Why, then, yet another work underpinning the now secure consensus? The answer implicit in Simon Baron-Cohen's approach is that a lucid survey of the 'essential difference' of his title will help to place autism in its broader social context. Anything that serves to dispel the aura of remoteness and strange otherworldliness surrounding the autistic predicament is warmly to be welcomed, and Baron-Cohen is uniquely well placed to render this ser
vice. However, the structural logic of the book may, paradoxically, drive his account of autism into a position where it is too closely tied to the notion of extreme maleness, to the exclusion of certain other major current perspectives in terms of the connection between autism and sensory developmental malfunctions, which are not in themselves gender-specific and which cascade through the higher faculties. The emphasis on the ultra-maleness approach is no doubt attributable to the fact that Baron-Cohen works mainly with higher functioning autism and Asperger's syndrome but throws, I think, less light on more profoundly affected conditions, including those effectively precluding the use of language.
This is of course a tangential criticism. Baron-Cohen has not written a summa autistica, but he has very lucidly outlined one strand in the emerging approach to this highly complex constellation of problems. And it is important that, while those with profound autism obviously stand in need of major intervention, many of those with the higher functioning form of the syndrome effectively go undiagnosed and suffer deeply and unnecessarily from the consequent impairment of their expectations. Since this range of autism may affect as many as 10 per cent of the male population, Baron-Cohen's book and his admirable work in Cambridge in itself highlights a social issue which has been too long kept in the dark and represents a call for openness and an end to denial.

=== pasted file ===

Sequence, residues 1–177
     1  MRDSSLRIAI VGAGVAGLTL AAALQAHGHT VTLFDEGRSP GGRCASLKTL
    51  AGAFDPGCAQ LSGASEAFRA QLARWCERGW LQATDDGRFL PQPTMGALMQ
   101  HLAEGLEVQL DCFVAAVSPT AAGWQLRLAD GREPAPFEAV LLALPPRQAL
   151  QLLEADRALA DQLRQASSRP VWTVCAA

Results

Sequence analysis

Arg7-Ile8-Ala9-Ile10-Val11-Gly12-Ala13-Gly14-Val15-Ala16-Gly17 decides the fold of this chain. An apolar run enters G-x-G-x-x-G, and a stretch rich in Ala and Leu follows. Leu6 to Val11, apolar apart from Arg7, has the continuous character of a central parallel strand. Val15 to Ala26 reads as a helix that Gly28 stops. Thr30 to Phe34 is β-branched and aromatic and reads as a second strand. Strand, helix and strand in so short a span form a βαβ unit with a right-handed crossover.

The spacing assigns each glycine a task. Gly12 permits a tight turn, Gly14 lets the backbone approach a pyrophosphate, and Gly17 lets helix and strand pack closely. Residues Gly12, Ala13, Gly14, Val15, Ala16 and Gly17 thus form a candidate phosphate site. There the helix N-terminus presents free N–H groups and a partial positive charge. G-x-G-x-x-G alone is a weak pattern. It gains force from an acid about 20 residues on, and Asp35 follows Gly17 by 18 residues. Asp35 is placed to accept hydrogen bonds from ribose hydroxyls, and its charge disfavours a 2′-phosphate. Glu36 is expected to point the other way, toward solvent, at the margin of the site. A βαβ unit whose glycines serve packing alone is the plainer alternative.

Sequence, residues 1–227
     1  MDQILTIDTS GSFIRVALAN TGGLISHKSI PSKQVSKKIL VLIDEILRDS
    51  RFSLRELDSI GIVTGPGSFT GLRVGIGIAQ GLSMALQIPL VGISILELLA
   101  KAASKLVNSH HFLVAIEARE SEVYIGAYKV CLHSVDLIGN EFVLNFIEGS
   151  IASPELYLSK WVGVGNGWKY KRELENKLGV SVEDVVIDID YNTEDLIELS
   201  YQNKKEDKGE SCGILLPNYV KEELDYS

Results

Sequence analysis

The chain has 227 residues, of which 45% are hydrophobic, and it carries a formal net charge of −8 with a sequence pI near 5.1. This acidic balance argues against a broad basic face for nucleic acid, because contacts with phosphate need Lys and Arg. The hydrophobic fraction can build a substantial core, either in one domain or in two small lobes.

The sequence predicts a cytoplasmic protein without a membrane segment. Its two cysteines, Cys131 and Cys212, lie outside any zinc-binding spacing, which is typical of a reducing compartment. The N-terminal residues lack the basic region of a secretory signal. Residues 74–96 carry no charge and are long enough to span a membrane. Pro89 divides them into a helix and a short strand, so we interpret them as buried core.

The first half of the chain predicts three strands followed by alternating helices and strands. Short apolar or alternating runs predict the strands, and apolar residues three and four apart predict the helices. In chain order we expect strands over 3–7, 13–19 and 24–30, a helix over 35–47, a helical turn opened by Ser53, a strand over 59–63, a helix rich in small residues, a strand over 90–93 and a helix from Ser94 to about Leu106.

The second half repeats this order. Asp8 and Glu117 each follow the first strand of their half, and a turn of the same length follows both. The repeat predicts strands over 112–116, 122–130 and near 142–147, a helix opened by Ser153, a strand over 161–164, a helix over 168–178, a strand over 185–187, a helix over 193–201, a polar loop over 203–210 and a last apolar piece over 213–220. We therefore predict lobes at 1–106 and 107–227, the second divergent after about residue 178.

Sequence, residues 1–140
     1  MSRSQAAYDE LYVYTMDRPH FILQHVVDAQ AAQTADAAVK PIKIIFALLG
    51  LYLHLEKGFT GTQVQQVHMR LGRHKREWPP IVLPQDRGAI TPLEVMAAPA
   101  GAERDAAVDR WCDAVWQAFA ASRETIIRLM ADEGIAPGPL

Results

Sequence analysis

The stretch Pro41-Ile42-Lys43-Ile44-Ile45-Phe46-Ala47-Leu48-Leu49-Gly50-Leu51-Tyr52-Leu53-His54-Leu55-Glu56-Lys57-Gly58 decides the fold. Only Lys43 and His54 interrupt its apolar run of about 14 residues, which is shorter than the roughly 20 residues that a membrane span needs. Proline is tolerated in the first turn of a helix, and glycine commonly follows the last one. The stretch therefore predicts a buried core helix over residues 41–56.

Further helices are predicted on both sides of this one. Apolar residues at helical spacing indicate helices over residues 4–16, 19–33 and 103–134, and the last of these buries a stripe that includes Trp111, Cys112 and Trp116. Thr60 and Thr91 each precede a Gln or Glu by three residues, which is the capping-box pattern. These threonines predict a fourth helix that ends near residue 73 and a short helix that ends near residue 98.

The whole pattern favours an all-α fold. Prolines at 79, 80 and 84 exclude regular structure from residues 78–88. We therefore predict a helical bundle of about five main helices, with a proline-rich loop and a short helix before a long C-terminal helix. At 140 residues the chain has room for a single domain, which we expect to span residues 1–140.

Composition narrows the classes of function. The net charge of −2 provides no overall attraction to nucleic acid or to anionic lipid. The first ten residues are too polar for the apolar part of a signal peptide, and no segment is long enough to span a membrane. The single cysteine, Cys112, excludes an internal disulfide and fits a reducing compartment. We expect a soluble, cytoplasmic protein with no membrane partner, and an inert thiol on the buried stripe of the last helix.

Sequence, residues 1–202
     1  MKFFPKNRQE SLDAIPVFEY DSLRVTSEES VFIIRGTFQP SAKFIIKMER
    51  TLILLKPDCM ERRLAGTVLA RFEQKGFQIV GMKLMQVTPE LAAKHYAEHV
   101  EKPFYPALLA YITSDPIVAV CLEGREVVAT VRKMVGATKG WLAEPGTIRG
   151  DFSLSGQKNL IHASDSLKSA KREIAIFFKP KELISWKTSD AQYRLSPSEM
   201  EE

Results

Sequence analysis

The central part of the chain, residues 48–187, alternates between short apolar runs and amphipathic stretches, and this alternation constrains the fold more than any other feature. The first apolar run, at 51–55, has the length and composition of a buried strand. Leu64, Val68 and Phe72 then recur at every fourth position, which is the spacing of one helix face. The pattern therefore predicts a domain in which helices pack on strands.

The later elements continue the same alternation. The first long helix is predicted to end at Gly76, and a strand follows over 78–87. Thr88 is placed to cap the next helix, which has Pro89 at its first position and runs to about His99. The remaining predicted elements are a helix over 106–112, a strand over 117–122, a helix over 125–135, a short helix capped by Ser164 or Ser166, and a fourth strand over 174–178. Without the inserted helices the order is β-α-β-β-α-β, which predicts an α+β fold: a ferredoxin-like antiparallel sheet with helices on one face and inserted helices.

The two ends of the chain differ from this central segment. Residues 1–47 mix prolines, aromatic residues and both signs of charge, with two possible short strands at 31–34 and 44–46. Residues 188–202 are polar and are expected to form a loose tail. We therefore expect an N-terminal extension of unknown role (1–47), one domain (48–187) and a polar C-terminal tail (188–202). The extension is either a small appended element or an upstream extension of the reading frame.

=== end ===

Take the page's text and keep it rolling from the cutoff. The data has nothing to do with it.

The fact, dear reader, that you have chosen to read a review on a scientific subject in itself heightens the possibility that you may be in some way affected by autistic symptoms. These may not be devastating, but they may well be restricting and lifediminishing. A person who detects autistic tendencies in his make-up will not find himself offered a miracle cure (yet), but he will at least come to terms with his own weaknesses and realise the source of what may otherwise seem merely random limitations. Such a gain in self-understanding would obviously be valuable for anyone, but there must still be many able young people who find it perplexingly hard to integrate with their peer groups or establish purposive long-term projects and who would gain immeasurably more if they were diagnosed as affected by the milder forms of a pervasive condition. For anyone embarking on such an investigation, The Essential Difference would provide an authoritative and humane point of departure.
The management of the higher functioning forms of autism is a major social problem, to which Baron-Cohen has made a perceptive, magisterial and compelling contribution in this book. We do not know what the angels think about the autistic spectrum, but we can be sure that the Professor of Developmental Psychopathology at Cambridge is on their side.